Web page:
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Just a Lovely Bunch of Coconuts : A psychologist looks at eccentrics and reminds us that a little strangeness helps us stay sane : ECCENTRICS: A Study of Sanity and Strangeness, By David Weeks and Jamie James (Villard: $23; 288 pp.).

November 26, 1995|Chet Raymo | Chet Raymo teaches science at Stonehill College in North Easton, Mass., and writes a weekly science column for the Boston Globe. "Frankie Starlight," a movie based on his novel "'The Dork of Cork," will be released next month by Fine Line Features

While conducting the research described in this delightful book, psychologist David Weeks visited Yvonne X (that is her name) who builds perpetual-motion machines in her workshop in Westfield, N.J. Yvonne X led Weeks to her workshop and proudly showed him her latest creation, a machine of gleaming stainless steel cylinders, pipes and tubes containing liquids, and wires, supporting at the center a highly polished silver disk.

She explained the "scientific" basis of the device: "This system produces energy without combustion and preserves it safely. The flux of these liquids can be made to create kinetic energy, which can then be changed into cheap electricity. When the disk ascends, we will have power to spare."

She triggered a switch. Pipes fizzed. Liquids changed colors. The tubes began to vibrate violently. A gasket blew off like a bullet. The silver disk began to ascend, faster and faster, until it crashed through the workshop ceiling. Glass exploded. Sparks showered from melting wires. The inventor and the psychologist high-tailed it out of the room. As the fire department arrived, Yvonne X was already brainstorming. She was certain that she knew what went wrong and vowed to start over.

Who, reading about this bizarre demonstration, would not like to have been there? Who, having met the indomitable Yvonne X on the page, would not like to meet her in person? Weeks has practiced psychology at the Royal Edinburgh Hospital for the past 20 years. He set out to investigate eccentrics because he could find no significant record in the psychological literature. With his assistants, he interviewed and tested hundreds of subjects in Britain and the United States. If his visit to Yvonne X's workshop was typical of his study, he obviously had a lot of fun.

It is characteristic of our times that we tolerate eccentrics, grudgingly admire them, perhaps even envy them. According to Weeks, eccentrics are happier than the rest of us, and (on the basis of standard diagnostic tests) have a higher general level of mental health. They are creative, nonconforming, strongly motivated by curiosity, idealistic, intelligent, non-competitive, mischievously witty, convinced that they are right and the rest of the world is out of step--in other words, they possess traits that most of us would gladly acknowledge in our own personalities. On the down-side, eccentrics tend to be bad spellers and uninterested in sex, but even these things might be qualities we secretly admire, caught up as we are in the race to conform and perform.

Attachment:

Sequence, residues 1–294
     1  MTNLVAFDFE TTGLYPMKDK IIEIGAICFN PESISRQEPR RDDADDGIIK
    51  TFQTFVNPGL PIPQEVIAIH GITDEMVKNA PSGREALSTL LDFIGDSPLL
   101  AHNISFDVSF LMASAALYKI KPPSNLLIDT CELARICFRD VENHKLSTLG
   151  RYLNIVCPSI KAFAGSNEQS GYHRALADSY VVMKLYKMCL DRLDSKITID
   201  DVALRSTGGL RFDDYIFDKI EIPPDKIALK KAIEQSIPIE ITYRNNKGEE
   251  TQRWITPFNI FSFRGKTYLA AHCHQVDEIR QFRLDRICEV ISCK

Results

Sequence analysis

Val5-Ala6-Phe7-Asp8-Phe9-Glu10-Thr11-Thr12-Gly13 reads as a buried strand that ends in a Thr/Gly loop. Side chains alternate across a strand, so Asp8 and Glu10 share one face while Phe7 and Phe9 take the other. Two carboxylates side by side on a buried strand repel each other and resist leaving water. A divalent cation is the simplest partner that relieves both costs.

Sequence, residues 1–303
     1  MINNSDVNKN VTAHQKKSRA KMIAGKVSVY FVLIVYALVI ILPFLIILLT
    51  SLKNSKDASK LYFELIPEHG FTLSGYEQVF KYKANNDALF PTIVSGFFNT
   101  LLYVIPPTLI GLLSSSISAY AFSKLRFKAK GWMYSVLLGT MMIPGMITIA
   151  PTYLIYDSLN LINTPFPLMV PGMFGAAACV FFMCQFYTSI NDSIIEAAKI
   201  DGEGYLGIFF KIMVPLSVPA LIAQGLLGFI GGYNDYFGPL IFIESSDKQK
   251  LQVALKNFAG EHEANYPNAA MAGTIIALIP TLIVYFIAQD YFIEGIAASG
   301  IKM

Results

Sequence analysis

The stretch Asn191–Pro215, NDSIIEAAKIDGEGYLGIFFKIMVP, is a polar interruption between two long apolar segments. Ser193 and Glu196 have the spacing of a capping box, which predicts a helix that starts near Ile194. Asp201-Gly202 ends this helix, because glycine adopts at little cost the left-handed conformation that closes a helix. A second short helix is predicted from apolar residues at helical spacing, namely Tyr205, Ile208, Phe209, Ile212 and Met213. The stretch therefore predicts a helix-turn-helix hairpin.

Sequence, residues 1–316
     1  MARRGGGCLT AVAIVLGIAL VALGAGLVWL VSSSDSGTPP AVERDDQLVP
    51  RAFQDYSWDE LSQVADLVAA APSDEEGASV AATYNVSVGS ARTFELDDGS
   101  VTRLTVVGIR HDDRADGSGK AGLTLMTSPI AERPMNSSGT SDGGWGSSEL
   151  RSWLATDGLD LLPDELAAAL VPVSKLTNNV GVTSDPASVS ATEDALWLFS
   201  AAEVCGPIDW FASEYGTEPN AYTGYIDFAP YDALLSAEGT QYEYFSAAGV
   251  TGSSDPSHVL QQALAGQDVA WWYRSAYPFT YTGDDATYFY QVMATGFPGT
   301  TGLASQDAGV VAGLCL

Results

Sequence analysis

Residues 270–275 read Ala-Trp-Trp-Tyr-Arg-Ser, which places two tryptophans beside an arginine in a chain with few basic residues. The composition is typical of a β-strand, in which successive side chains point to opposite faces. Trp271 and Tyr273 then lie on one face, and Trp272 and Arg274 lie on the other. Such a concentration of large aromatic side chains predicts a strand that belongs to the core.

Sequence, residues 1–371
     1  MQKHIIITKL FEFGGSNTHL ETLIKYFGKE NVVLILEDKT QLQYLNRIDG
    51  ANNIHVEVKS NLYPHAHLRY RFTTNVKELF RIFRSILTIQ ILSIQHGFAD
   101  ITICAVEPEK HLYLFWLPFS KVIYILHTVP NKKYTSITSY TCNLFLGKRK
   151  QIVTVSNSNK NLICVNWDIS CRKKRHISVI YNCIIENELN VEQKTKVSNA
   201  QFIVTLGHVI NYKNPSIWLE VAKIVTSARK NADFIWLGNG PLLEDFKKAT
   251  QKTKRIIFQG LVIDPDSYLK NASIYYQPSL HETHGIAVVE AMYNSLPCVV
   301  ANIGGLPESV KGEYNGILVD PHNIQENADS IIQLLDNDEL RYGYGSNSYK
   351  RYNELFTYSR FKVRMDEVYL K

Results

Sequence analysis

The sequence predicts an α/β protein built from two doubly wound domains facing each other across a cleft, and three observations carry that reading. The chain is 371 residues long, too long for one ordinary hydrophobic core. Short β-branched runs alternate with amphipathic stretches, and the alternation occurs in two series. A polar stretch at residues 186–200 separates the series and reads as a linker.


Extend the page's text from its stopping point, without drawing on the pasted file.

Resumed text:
It was not always so. In earlier times, eccentrics were frequently deemed dangerous to society. Many "witches" were burned for no other reason than that they didn't conform to conventional rules of behavior. Women eccentrics, especially, were victims. Certifiably crazy male aristocrats and wealthy landowners might be charitably labeled as "indisposed" or "eccentric," while truly eccentric (and embarrassing) wives and daughters were often packed off to an asylum.

According to Weeks, this bias against women persists today in psychiatry. Although men outnumber women in state-run mental institutions, admissions of women to private hospitals is disproportionately higher, suggesting that women are often committed for minor indications of abnormal behavior that would be overlooked in a man.

The most difficult part of this study was defining "eccentric" in a way that distinguishes appropriate subjects from people who are mildly nonconformist, on the one hand, or mentally ill, on the other. Weeks hopes readers will put this book down asking why, if being flaky is guaranteed by the Constitution, we're all not having more fun.

"Eccentrics: A Study of Sanity and Strangeness" reminds us that a little strangeness helps us stay sane. "If everyone's life was bathed in friendship, humor, love, creativity, hope, curiosity, and wonder-- whee! --we would need a lot less medicine," says Dr. Patch Adams, an eccentric "clown doctor" of Pocahontas, W.Va., quoted in the book. By definition, we can't all be eccentrics, nor are we likely to put much faith in doctors who dress in Bozo suits, no matter how endearing their personal philosophies, but at least we have learned not to lock away our eccentrics behind asylum walls. Weeks and co-author Jamie James, an American science writer, have given us a valuable and long overdue look at a segment of the population who succeed by being endearingly different.

A TV talk show in Newcastle, England, invited Weeks to come on the show and bring along a few of his subjects. The first half of the program, before the psychologist and his guests came on, was devoted to school discipline, a subject that was solemnly discussed by three gray-suited headmasters--guardians of the Establishment and shapers of the next generation. When the schoolmasters met the eccentrics in the green room they were fascinated yet repelled, perhaps even a bit frightened.

One of the eccentrics was elfin Ann Atkin, who has collected at her house in Devon 7,500 garden gnomes. She offered the headmasters gnome hats that she had knitted herself. They shrank from her gift as if from a contagious disease. Perhaps if Atkin could supply us all with gnome hats, to wear just once in a while, the world would be a happier, less contentious place.

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